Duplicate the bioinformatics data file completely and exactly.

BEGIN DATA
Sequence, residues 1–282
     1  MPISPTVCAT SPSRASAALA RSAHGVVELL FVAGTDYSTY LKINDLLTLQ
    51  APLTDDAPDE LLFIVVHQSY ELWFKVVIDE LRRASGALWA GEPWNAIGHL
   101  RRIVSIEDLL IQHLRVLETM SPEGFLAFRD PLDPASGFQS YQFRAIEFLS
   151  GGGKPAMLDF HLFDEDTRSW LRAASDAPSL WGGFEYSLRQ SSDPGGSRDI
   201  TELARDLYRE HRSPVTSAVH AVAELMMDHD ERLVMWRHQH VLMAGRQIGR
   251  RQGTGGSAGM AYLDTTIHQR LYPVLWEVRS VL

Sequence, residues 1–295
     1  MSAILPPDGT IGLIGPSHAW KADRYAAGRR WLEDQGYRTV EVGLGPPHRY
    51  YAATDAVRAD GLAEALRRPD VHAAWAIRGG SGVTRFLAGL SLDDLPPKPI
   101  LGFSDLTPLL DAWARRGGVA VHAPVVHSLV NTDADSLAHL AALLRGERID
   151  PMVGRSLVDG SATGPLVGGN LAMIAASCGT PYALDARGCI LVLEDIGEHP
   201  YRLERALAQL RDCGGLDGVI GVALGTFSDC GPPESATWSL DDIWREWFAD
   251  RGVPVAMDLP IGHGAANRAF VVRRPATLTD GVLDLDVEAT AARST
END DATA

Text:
Sequence, residues 1–282
     1  MPISPTVCAT SPSRASAALA RSAHGVVELL FVAGTDYSTY LKINDLLTLQ
    51  APLTDDAPDE LLFIVVHQSY ELWFKVVIDE LRRASGALWA GEPWNAIGHL
   101  RRIVSIEDLL IQHLRVLETM SPEGFLAFRD PLDPASGFQS YQFRAIEFLS
   151  GGGKPAMLDF HLFDEDTRSW LRAASDAPSL WGGFEYSLRQ SSDPGGSRDI
   201  TELARDLYRE HRSPVTSAVH AVAELMMDHD ERLVMWRHQH VLMAGRQIGR
   251  RQGTGGSAGM AYLDTTIHQR LYPVLWEVRS VL

Sequence, residues 1–295
     1  MSAILPPDGT IGLIGPSHAW KADRYAAGRR WLEDQGYRTV EVGLGPPHRY
    51  YAATDAVRAD GLAEALRRPD VHAAWAIRGG SGVTRFLAGL SLDDLPPKPI
   101  LGFSDLTPLL DAWARRGGVA VHAPVVHSLV NTDADSLAHL AALLRGERID
   151  PMVGRSLVDG SATGPLVGGN LAMIAASCGT PYALDARGCI LVLEDIGEHP
   201  YRLERALAQL RDCGGLDGVI GVALGTFSDC GPPESATWSL DDIWREWFAD
   251  RGVPVAMDLP IGHGAANRAF VVRRPATLTD GVLDLDVEAT AARST